For more than two decades, Chevron has tried to block the Ecuadorian communities who live in the Amazon from pressing their claims. The latest Chevron maneuver is to assert that its assets in Canada are immune from collection because they are held by a wholly-owned subsidiary. The communities won the judgment after a hard-fought trial that lasted from 2003 to 2011 and produced 105 technical evidentiary reports relied on by the court to confirm Chevron’s responsibility for the dumping of toxic waste.
Given that Chevron only operates in Canada through its wholly-owned subsidiary, the company is effectively trying to block the indigenous groups from collecting their judgment on a technicality that could negatively impact indigenous rights throughout the world, said Luis Yanza, a community leader in Ecuador and one of the architects of the lawsuit.
“People should justifiably be horrified at the implications of Chevron’s arguments, which could lead to corporate impunity for acts of environmental destruction the world over,” said Yanza, who works with the Front for the Defense of the Amazon, the group that brought the lawsuit on behalf of the dozens of affected Ecuadorian communities.
The latest legal submission cites the U.N. Declaration to argue that if Chevron escapes liability by placing its assets in a subsidiary, then all 400 million indigenous peoples on the planet would effectively have their rights curtailed when they try to obtain compensation from private companies for environmental harms. Chevron operates its oil production operations only through 1,500 wholly-owned subsidiaries around the world.
The submission by the Ecuadorians also cites recent decisions by Canada’s Supreme Court that provide constitutional protection to indigenous rights in the country. “The special relationship of indigenous peoples to their lands has been recognized repeatedly by Canadian courts,” according to the submission.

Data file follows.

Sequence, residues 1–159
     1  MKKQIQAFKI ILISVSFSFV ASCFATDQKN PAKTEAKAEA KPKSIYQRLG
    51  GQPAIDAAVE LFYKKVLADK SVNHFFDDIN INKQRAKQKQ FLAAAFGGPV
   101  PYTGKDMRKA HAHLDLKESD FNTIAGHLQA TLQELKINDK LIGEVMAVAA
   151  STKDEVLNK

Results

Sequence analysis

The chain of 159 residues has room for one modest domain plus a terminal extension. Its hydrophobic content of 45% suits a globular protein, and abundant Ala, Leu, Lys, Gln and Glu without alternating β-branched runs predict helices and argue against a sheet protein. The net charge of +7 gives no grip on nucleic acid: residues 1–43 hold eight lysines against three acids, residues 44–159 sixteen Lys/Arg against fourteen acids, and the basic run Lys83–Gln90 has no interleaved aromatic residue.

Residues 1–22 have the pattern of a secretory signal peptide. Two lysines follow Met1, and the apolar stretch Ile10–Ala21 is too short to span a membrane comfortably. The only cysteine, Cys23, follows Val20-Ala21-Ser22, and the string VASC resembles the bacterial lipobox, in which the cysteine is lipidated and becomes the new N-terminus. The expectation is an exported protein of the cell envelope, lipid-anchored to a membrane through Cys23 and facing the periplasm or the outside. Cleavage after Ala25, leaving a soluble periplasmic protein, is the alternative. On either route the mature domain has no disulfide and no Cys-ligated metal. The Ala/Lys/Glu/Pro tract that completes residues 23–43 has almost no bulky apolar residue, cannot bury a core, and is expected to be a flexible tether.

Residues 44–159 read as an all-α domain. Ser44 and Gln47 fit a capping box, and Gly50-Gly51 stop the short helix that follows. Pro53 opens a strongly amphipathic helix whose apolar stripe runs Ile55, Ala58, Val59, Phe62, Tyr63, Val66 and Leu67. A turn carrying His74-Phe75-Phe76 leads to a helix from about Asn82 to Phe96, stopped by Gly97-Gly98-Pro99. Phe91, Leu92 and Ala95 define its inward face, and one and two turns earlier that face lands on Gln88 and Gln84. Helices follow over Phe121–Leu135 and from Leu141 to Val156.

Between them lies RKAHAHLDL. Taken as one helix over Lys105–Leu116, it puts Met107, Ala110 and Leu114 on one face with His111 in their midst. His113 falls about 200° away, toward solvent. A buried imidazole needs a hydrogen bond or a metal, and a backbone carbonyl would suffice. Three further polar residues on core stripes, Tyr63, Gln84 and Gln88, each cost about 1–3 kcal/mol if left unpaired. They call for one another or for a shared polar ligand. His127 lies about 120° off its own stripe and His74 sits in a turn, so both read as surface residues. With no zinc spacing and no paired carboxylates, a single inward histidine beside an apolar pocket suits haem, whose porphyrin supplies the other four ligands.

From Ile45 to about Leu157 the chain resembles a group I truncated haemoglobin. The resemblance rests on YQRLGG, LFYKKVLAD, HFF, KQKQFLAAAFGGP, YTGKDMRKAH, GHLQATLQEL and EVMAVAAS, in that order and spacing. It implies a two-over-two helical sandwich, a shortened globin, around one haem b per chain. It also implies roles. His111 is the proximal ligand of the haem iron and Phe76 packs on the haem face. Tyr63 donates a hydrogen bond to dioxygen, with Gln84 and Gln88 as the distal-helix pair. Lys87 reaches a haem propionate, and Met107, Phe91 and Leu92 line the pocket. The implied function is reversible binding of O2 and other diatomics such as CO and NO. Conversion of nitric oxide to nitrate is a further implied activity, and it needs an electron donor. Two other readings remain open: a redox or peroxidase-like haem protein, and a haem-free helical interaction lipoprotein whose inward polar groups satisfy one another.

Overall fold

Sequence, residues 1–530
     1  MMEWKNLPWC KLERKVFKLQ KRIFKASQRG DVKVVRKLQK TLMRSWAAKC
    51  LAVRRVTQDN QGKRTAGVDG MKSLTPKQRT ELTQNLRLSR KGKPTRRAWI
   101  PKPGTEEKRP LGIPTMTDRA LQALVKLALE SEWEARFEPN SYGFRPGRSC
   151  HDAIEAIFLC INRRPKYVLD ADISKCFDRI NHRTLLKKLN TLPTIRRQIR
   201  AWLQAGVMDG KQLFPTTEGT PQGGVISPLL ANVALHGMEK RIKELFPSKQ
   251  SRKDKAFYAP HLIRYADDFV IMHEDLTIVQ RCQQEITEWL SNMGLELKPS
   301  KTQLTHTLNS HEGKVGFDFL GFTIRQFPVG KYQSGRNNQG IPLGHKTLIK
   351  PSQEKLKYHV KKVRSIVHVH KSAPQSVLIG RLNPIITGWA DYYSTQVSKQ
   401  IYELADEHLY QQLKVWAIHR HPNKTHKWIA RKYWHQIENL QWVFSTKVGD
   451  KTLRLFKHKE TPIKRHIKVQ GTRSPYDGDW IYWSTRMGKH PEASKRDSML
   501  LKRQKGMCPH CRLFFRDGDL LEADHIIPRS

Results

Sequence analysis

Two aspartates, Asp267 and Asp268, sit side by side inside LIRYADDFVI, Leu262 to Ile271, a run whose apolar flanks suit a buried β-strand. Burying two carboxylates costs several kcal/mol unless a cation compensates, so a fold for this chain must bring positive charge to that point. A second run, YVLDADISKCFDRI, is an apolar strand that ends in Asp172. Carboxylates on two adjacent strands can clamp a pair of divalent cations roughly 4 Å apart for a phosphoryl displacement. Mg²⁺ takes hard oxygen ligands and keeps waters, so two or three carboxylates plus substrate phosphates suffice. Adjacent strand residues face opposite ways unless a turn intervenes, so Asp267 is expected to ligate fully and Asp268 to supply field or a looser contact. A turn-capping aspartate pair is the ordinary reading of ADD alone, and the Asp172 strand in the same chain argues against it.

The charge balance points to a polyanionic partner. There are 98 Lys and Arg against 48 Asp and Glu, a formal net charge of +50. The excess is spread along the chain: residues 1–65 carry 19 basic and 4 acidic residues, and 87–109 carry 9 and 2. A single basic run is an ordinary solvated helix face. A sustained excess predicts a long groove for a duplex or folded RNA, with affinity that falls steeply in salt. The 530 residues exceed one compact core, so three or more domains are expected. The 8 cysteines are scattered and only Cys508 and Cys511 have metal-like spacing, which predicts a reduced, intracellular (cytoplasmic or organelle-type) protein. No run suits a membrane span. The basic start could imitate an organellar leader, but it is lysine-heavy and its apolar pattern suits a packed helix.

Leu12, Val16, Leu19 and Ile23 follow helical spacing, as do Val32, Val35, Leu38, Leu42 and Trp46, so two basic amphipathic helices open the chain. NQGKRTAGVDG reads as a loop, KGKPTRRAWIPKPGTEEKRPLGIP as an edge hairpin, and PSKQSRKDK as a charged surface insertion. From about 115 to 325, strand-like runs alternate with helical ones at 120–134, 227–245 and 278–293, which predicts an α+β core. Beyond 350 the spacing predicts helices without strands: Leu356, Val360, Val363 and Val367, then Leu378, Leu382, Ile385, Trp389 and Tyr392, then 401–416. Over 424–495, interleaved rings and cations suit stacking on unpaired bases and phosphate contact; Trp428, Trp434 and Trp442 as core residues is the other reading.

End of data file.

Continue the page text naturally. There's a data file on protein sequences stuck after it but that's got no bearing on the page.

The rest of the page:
Canadian indigenous leaders, including former National Chief Phil Fontaine and Grand Chief Ed John, met in September with community leaders in Ecuador's Amazon and toured Chevron’s former production sites before condemning the company for failing to address its pollution problem and for trying to delay the justice process. They also laid a wreath and said prayer at the gravesite of legendary local nurse Rosa Moreno, who recently died of cancer due to exposure to pollution after treating hundreds of local residents for oil-related illnesses over a three-decade career.
Greenpeace co-founder Rex Weyler, who also visited the affected area, sharply criticized Chevron for its failure to address the concerns of the communities in Ecuador where it operated. Chevron in recent years was found to have fabricated evidence to evade paying the Ecuador judgment, leading to a criminal complaint being filed before the United States Department of Justice. (See this article on the case by Weyler.)
Chevron repeatedly has been accused of calculating that it is cheaper to pay hundreds of lawyers to extend the litigation rather than pay for a comprehensive clean-up of the damage it caused to the indigenous and farmer communities in the rainforest, said Salazar.